New Internationalist

The Cave of the Yellow Dog

March 2007

Coming from the makers of the Story of the Weeping Camel, this semi-documentary film set in rural Mongolia is just pure high-altitude delight. A captivating commentary-free story of nomadic family life, it brilliantly conveys the lives and feelings of the people at its heart and the intricate beauty of their threatened culture. The story is simple: small girl finds dog and wants to keep him; her nomadic herder parents aren’t so keen as the dog may have been living with wolves and picked up some of their habits. The family interactions are subtle, complex and heartwarming; the narrative spare, yet full of quiet drama and tension. This film will transport you to a real and fascinating world, about as far away from the fast-moving, action-packed, vacuous pap of the multimillion-dollar mainstream as you can get.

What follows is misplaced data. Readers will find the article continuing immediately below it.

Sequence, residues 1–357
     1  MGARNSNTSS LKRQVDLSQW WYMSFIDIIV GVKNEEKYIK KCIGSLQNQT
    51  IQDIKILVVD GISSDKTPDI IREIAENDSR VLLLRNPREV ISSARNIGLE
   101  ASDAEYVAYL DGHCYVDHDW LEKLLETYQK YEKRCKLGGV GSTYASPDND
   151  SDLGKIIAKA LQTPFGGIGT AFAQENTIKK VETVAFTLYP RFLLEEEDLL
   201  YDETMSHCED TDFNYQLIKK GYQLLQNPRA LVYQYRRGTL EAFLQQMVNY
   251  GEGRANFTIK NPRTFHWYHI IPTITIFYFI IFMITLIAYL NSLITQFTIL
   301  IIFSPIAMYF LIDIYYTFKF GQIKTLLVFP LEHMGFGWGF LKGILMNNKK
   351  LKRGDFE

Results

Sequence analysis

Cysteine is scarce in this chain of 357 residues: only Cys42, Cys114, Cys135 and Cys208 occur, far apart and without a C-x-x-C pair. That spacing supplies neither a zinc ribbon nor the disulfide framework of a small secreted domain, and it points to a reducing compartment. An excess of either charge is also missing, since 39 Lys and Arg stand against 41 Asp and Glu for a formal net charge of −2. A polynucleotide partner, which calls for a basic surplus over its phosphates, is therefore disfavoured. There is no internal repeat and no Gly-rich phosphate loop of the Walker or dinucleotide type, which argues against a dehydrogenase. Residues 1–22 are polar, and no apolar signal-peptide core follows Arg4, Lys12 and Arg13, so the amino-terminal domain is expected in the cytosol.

This column was published in the March 2007 issue of New Internationalist. To read more, buy this issue or subscribe.

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The Cave of the Yellow Dog Fact File
Product information directed by Byambasuren Davaa
Star rating4
Product link
Product number Order from World Cinema on +44 020 7292 0520
Publisher Tartan Video

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This article was originally published in issue 398

New Internationalist Magazine issue 398
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